General Sickles to Mr. Fish.
Madrid, January 6, 1874. (Received February 16.)
Sir: I have the honor to forward herewith a copy and translation of a decree dated 30th December ultimo, appointing anew commission to consider and report the modifications necessary to adapt the penal laws of Spain, and its code of procedure in criminal cases, to the colonies.
You will observe the statement in the preamble, that a similar commission was created in 1869, and continued until 1872, when it was dissolved without having made a report. On November 28, 1872, another commission was named, which in turn is now broken up without having done anything. The present board was practically disbanded four days after it was appointed, since the government by which it was created fell on the third of January.
In my No. 472, I reported the debate in the Cortes which resulted in the appointment of the second commission in November, 1872. A promise was then made by Mr. Martos, on behalf of the government, that the serious grievances shown to result from the existing legislation should be at once removed, and three months was accepted as a sufficient time for the labors of the commission.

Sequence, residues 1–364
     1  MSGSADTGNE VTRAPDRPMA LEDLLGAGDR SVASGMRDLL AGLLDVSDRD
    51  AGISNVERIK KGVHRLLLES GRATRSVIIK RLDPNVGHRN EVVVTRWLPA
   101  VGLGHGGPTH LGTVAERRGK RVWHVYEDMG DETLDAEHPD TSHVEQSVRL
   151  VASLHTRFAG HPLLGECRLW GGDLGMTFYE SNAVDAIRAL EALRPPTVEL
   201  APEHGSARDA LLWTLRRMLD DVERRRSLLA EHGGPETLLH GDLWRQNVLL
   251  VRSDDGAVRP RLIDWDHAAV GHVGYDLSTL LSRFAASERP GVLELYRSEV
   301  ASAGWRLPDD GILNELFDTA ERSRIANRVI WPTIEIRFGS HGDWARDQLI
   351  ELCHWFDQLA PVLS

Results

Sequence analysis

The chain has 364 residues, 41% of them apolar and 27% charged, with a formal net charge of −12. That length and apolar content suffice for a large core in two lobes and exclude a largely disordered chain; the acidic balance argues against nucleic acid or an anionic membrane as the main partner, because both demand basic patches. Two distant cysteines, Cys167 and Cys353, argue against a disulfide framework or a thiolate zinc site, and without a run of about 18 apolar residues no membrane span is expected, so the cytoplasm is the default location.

Another illustration is here afforded of the unwillingness of Spain to do anything toward the amelioration of the condition of the colonies, Since the revolution of 1868, the governments of Prim, Serrano, Sagasta, Zorilla, Figueras, and Castelar, have all promised to reform the administration in Cuba; and yet it is, perhaps, not too much to affirm that the situation of the island to-day is worse than ever.
I am, &c.,